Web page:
The part of "A Christmas Story" that I think about from time to time is what came after. The movie ends with mom and dad hugging and Ralphie cherishing his bee bee gun. The Bumpusses are still there and the taste of soap still resonates in Ralphie's mouth. It's a feel good movie. It portends well for the future of Ralphie and his family.
Or does it? As the three or four of you know - and there really are only three or four of you since I stopped blogging through the pandemic - Jean Shepherd started his radio career at WJOB, which I own and, like you, love. He went on to fame at WOR in New York City as a late night personality back when that mattered. Shep grew up on Cleveland Street a few blocks from where I talk on the radio every morning.
Shep's dad, from what a couple old-timers tell me, worked at a candy factory in north Hammond. I want to say it was the old Queen Anne Candies, but I can't be sure. The part of the story that has always stuck with me is that soon after the Christmas that we relive each year, Shep's dad ran off with a secretary and left the family. This devastated Shep. He watched his mom decline. Shep eventually escaped by going to the Army.
Perhaps this explains the force at which Shep throws good memories at us. They were good times, simpler times. Pick up your phone. Go to CNN or Fox News. Trump denies that Biden won. There's a scandal about pardons for the president's kids and his lawyer, Giuliani. Little kids got shot in a drive by. There's massive lines at food banks. Hospitals are overcrowded and not taking more patients. We are a divided, hurting nation. We often don't care about each other.
We did care about each other at one point, and that was during the two hours of "A Christmas Story." Jean Shepherd brought to life the last Christmas before his dad left and his family fell apart. His mom was in love and a sturdy character... in the movie. If you did a sequel, as far as I've been told, you might not recognize her. Despair and sadness have a way of ripping a person apart, even a tough Hessville woman. We watch "A Christmas Story" for the laughs and the feel good. We don't want to know that soon after Christmas Ralphie's mom cried herself to sleep.
I know what comes after sometimes. My mom and dad and their five kids - me the oldest - lived an almost fairy tale life in Munster, Indiana. We had a big house down the street from the high school and at Christmas every year there tons of presents under the tree. I had dozens of cousins all over the Region and when we got together it was total mayhem... and fun.
Then the hammer came down. My mom got cancer and died and my dad lost his construction company to one of the many steel recessions around here. If I were to write a story about the last Christmas before all of this happened, it would be idyllic... but would it be real?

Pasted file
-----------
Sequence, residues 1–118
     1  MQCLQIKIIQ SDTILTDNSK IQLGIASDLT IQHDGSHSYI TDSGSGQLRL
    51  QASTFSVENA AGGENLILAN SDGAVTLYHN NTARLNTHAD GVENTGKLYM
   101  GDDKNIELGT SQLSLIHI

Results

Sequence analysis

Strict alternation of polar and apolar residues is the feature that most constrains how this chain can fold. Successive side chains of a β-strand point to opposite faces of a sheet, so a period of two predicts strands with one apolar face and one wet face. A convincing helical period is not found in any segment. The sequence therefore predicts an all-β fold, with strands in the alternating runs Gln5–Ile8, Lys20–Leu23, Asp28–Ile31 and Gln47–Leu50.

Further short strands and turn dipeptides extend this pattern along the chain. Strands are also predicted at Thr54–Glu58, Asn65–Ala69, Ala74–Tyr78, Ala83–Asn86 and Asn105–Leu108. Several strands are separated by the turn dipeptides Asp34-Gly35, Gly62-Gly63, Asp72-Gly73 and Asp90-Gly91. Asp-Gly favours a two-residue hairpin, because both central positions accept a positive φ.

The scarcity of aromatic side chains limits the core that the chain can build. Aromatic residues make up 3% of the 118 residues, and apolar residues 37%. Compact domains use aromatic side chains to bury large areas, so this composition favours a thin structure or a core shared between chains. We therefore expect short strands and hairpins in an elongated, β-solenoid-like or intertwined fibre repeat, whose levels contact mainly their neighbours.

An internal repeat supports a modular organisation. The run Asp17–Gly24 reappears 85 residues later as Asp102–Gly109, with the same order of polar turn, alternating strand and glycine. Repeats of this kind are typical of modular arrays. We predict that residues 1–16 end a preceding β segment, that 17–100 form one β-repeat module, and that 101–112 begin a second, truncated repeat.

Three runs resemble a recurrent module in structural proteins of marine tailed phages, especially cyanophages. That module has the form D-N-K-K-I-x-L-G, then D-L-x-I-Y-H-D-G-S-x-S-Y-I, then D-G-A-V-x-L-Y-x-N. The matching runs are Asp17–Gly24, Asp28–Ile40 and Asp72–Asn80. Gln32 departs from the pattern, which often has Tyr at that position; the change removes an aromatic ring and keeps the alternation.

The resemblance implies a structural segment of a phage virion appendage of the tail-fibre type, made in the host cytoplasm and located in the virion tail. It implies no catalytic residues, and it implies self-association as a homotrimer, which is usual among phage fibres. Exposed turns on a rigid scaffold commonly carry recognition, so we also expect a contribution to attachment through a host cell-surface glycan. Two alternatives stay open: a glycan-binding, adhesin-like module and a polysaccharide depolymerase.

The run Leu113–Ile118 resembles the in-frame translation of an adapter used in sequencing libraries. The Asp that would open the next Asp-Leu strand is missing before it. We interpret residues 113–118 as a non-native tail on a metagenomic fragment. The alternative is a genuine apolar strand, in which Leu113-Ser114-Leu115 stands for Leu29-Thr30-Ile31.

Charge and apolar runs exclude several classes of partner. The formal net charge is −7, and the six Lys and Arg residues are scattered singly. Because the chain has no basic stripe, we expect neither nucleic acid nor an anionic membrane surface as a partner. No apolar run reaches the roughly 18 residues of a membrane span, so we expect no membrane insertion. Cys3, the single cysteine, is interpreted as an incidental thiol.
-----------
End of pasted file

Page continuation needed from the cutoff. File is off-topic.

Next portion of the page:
It's the middle of the night and I'm not doing the radio show in a couple hours. Dave Kusiak is. He got Covid and had to have open heart surgery at the Cleveland Clinic. It was touch and go for a while. "A miracle," Kusiak calls it. He and Lisa came to the house on Saturday - social distancing and masks - and Dave cornered me. He wanted to tell me something.
"This whole thing has given me time to think. I want to be a bigger part of WJOB," he said. I have known Dave Kusiak forever. His uncle blocked for my uncle Charlie at St. Stan's in East Chicago. We go way back. If he wants the mic, he can have it. Life is short.
The Kusiaks, like Shep, lived through sadness. Dave talks about it from time to time on the air. He and his three brothers and sisters lived around the corner from us in Munster behind Johnny's Tap. One day, Big Tony and his son Sean went to a Sox game. Big Tony never came back. That changed the family forever. Jean Shepherd's dad left with the secretary. Dave Kusiak's dad died in the stands behind the third base dugout at Comiskey Park. My mom died of cancer and my dad lost his business. These things happen. You live through them. You learn from them. But do you want to warch a movie about them?
Not right now. We want Ralphie sitting on Santa's lap, Randy rolling around in a snowsuit. We love the look of a leg lamp in the living room. We don't want to think about what comes after, about Ralphie's mom busting that leg lamp on the corner of a couch. We want escape from a country divided, protests in the streets, massive unemployment, overcrowded hospitals, people dying in the ER. We want to remember when you could actually hug someone, wrestle in the basement, sit next to each other on the sofa. We want, now more than ever, Jean Shepherd's "A Christmas Story."